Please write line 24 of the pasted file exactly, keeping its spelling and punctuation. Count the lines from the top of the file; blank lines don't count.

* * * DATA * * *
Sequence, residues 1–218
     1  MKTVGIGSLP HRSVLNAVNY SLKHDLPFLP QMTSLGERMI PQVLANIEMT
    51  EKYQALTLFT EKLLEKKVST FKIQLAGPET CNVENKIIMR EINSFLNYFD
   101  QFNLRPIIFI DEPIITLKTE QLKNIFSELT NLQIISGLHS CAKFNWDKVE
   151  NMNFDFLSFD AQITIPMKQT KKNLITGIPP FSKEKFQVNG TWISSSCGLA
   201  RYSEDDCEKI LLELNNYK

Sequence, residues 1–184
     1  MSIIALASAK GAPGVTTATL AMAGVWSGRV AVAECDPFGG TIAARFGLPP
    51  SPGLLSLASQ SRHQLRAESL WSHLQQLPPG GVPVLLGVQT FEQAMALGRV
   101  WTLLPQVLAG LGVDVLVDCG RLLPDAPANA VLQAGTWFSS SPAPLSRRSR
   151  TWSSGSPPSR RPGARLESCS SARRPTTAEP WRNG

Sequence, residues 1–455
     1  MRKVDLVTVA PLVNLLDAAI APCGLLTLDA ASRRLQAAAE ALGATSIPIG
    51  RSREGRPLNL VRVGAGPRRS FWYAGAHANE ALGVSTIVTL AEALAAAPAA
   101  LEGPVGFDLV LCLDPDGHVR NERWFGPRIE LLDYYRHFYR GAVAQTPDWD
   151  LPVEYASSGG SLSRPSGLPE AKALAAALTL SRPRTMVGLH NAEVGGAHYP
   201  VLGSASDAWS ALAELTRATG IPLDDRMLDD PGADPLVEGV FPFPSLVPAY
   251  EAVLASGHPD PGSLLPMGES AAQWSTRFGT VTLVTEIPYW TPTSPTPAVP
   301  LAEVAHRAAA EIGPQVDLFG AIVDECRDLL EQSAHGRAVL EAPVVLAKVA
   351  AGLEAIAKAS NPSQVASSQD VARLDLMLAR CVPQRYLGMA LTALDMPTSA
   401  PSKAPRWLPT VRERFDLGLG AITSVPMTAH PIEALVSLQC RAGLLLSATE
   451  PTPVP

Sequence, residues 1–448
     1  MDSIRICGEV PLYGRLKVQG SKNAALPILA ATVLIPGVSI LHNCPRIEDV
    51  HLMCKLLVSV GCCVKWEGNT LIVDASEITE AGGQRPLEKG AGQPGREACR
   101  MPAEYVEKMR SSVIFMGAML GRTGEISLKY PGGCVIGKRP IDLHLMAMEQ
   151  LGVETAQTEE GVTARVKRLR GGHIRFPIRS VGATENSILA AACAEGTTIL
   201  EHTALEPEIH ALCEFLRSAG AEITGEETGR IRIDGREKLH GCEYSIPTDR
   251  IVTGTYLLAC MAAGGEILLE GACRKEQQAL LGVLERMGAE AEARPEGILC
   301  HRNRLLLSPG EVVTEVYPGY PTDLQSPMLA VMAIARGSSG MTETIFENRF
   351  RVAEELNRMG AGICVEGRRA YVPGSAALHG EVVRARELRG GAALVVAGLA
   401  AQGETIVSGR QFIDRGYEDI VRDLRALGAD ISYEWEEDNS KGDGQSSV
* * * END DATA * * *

     1  MDSIRICGEV PLYGRLKVQG SKNAALPILA ATVLIPGVSI LHNCPRIEDV